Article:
How To Check Out the Landlord of Rental Houses

Real estate is a scarce commodity. For some, purchasing a house is not an option, for a variety of reasons. You will then want to rent a house or property. Before signing that lease agreement, though, you will want to learn a few things about your prospective landlord and the property you are about to rent.

Landlords have ways of checking a tenant’s background, such as through financial documents. You, as a prospective tenant, should also be able to know something about the landlord in advance. You will want to avoid several potential problems with landlords. Some landlords might be doing “slumlord” practices, in which the landlord scrimps on maintenance expenses. Slumlords might also be out for a quick buck flipping the property rather than leasing it for the long term. Some landlords might also be having financial problems, and you might find yourself homeless when the bank forecloses on the property.

Researching on a potential landlord involves checking with various agencies and organizations, to make sure that he is legitimate, and that he is honest in his dealings with tenants. Here area  few tips.

  • Check with the IRS. Visit or call your local tax office where the property is located. Check if the property is duly registered as a property for-rent.
  • Check with the property office at your city or county. The register of deeds will also be able to tell you what properties the landlord has. For example, you can look for the Grantor/Grantee Search Index. Simply key in the prospective landlord’s name and documents matching his name will be displayed.
  • Check for court cases involving the landlord or the property. You can check with the general district court in your state for civil or criminal cases filed against the property or landlord. These can be both active and pending cases. A pending case is a sign that you should think twice before renting a property.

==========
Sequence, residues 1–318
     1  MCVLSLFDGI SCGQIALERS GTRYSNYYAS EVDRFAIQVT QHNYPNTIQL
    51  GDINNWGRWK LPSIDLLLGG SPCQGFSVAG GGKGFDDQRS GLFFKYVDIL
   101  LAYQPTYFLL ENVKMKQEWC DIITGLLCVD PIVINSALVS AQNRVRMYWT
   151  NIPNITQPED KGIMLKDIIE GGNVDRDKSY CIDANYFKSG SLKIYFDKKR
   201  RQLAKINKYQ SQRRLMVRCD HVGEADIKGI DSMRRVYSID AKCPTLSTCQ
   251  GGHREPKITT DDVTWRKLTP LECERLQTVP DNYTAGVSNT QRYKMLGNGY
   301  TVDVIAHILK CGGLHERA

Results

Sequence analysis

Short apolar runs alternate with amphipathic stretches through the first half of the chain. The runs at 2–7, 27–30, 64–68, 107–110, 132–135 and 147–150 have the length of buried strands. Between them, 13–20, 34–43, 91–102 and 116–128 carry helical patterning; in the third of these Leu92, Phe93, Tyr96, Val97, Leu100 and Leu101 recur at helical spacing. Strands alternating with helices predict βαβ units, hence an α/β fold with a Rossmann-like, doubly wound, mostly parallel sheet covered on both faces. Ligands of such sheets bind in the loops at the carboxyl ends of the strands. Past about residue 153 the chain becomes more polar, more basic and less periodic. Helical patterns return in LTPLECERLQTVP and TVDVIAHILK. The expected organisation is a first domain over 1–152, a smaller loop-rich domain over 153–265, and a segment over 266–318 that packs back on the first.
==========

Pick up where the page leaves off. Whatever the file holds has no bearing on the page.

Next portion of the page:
• Look for previous tenants and get in touch with them. An easy way to do this is by checking your mailbox for letters addressed to the previous tenants. You won’t be invading their privacy if you just check for their name online. You can do this under the pretense that you’re forwarding letters to their new address.
  • You can also ask the landlord for contact details of the old tenants. Explain that you want to get in touch, just to ask about the property, or to forward letters.
  • Consult the local authorities. They should have a record of any past problems with the property or with the landlord. Organizations like realtors’ groups or the local chamber of commerce might also have complaints and incidents on their record.

As a potential tenant, you will need to assert your right to know more about the property you are planning to lease before signing that contract. This ensures that your lease or rent agreement is done in good faith. This also helps you avoid potential problems in the future involving your landlord.


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